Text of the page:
Warner Bros. executives, pained by the embarrassment of earlier Samaha releases such as "Get Carter" -- a Sylvester Stallone action film that took in $15 million at the U.S. box office in 2000 -- have been working with Franchise to improve the caliber of its films.

"What we're trying to do is help him creatively migrate over to the best quality movies possible," Warner Bros. President Alan Horn said of Samaha.

Horn helped steer his former business partner, director Rob Reiner, to Franchise last year. The producer is financing Reiner's romantic comedy, tentatively titled "Loosely Based on a True Love Story," starring Kate Hudson and Luke Wilson. The studio contributed more than 20% of the film's $30-million budget and will release it this fall.

William Morris Agency President Jim Wiatt, who represents Reiner and others who have worked on Samaha's movies, said the producer has proven reliable, notwithstanding the litigation. "We've done a lot of business with Elie and Franchise Pictures, and we've not had a problem.... He's lived up to his financial obligations," Wiatt said.

Samaha owned an L.A. dry cleaning chain before getting into the film business. He became known in the last few years for indulging stars such as Stallone, John Travolta and Kevin Costner by financing their pet projects, often in return for a price break on fees.

The producer frequently has hosted stars and entertainment industry players at his various nightclubs, including the popular Sunset Room on the Sunset Strip. Tutor and Bergstein denied Hollywood gossip that Samaha might help them enter the club or restaurant business.

Tutor said Bergstein would be the group's point person in dealing with Samaha: "For me, it's an arm's-length, passive form of investment. I have enough to do with the construction business."



Digging out of a hole?

With a weak track record, producer Elie Samaha is getting help from an unlikely source: Southern California construction magnate Ronald Tutor. Here is a look at film releases produced by Samaha's Franchise Pictures in the last three years, with their domestic grosses, and some projects in the works:



Title: "City by the Sea"

U.S. distributor: Warner Bros.

Domestic gross: $22.5 million

Title: "Half Past Dead"

U.S. distributor: Columbia

Domestic gross: 15.3 million

Title: "Ballistic: Ecks vs. Sever"

U.S. distributor: Warner Bros.

Domestic gross: 14.3 million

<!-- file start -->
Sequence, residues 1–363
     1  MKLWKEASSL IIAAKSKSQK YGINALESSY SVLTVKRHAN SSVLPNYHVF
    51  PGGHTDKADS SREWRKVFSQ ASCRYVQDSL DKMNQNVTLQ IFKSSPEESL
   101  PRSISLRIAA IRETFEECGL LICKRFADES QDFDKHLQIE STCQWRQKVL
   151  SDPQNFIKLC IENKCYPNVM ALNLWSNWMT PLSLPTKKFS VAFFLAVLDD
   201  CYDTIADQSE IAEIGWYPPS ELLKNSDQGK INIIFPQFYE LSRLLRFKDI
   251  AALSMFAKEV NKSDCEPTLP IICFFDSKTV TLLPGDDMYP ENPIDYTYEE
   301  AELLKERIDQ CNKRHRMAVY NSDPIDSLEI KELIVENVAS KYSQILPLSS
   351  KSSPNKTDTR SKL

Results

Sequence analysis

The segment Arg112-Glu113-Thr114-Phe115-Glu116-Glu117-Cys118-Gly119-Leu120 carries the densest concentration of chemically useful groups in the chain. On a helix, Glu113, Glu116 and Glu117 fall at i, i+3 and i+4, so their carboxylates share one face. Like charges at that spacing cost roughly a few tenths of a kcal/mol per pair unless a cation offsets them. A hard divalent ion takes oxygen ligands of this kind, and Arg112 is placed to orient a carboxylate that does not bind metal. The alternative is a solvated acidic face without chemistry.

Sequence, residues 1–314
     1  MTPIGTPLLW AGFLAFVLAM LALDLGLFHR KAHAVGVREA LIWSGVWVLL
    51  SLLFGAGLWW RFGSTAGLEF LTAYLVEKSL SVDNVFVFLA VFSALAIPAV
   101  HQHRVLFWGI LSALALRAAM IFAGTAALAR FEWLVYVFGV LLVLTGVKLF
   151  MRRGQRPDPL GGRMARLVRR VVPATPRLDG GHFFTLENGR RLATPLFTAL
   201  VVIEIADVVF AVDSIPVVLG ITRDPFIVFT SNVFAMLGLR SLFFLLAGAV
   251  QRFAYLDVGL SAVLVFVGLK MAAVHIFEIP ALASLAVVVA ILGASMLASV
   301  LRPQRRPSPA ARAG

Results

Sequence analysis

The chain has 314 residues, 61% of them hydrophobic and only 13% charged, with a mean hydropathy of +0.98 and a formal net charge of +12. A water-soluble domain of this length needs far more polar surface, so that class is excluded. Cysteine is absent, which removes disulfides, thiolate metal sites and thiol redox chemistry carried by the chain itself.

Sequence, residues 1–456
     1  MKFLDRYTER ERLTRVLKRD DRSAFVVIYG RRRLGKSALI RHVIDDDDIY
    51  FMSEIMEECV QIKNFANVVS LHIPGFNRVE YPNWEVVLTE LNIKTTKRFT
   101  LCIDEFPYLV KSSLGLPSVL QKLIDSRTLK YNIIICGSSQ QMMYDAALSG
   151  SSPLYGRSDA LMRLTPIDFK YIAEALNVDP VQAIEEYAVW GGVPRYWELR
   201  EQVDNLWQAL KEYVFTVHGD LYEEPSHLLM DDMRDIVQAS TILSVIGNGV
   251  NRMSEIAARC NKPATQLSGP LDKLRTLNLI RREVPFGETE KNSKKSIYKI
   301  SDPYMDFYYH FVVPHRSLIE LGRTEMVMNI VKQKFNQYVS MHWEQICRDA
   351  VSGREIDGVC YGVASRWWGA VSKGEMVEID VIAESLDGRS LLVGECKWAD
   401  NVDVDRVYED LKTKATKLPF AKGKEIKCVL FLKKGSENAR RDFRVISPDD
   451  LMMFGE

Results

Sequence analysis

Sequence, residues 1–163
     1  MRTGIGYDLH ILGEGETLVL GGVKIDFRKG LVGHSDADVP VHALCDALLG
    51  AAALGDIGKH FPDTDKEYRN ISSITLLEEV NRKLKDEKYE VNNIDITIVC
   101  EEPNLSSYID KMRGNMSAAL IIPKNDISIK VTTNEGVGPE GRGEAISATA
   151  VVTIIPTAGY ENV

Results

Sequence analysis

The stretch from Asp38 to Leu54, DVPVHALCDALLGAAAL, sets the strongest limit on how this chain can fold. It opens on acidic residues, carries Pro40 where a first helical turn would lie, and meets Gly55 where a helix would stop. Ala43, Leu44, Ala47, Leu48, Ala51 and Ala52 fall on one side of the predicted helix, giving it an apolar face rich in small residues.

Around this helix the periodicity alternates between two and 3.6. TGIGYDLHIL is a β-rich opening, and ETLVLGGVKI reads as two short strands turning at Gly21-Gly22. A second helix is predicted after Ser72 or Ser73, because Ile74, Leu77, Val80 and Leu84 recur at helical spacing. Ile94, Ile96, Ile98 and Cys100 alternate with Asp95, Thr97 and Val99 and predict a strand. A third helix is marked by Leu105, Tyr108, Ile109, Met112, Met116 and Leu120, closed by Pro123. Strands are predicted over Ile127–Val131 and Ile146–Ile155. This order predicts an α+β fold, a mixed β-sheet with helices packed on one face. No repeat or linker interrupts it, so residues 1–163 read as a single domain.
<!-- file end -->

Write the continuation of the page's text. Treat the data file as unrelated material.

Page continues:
Title: "feardotcom"

U.S. distributor: Warner Bros.

Domestic gross: 13.2 million

Title: "Femme Fatale"

U.S. distributor: Warner Bros.

Domestic gross: 6.6 million



Title: "driven"

U.S. distributor: Warner Bros.

Domestic gross: $32.7 million

Title: "Angel Eyes"

U.S. distributor: Warner Bros.

Domestic gross: 24.2 million

Title: "The Pledge"

U.S. distributor: Warner Bros.

Domestic gross: 19.7 million

Title: "3000 Miles to Graceland"

U.S. distributor: Warner Bros.

Domestic gross: 15.7 million

Title: "The Caveman's Valentine"

U.S. distributor: Universal

Domestic gross: 687,081



Title: "The Whole Nine Yards"

U.S. distributor: Warner Bros.

Domestic gross: $57.3 million

Title: "The Art of War"

U.S. distributor: Warner Bros.

Domestic gross: 30.2 million

Title: "Battlefield Earth"

U.S. distributor: Warner Bros.

Domestic gross: 21.5 million

Title: "Get Carter"

U.S. distributor: Warner Bros.

Domestic gross: 15 million


Upcoming 2003 releases:

"The Foreigner" -- Jan. 28. An action-adventure starring Steven Segal. Direct-to-video release through Columbia TriStar Home Video.

"Hairy Tale" (tentative title) -- May 16. A family comedy-adventure directed by Gene Quintano and starring Matthew Modine about a boy genius who helps a martial arts whiz and his chimp outwit those running a devious animal laboratory in exchange for advice on how to play football and win the affections of his dream girl.

"The Wedding Party" -- May 23. A comedy directed by Andy Fleming and starring Michael Douglas, Albert Brooks, Candice Bergen, Robin Tunney and Ryan Reynolds about a daredevil secret agent and irreverent father of the groom who gives an uptight podiatrist father of the bride the jitters when they meet before the wedding.

"Loosely Based on a True Love Story" (tentative title) -- Sept. 12. A romantic comedy directed by Rob Reiner and starring Luke Wilson, Kate Hudson and Sophie Marceau about an author indebted to a loan shark who has 30 days to finish a novel or be killed.

"The Whole Ten Yards" -- Oct. 17. Sequel to the comedy hit "The Whole Nine Yards," starring Bruce Willis as a retired hit man who must rescue his former neighbor (Matthew Perry) and his wife from a jam with the Hungarian Mafia.


Sources: Warner Bros., Times research


Anita M. Busch contributed to this report.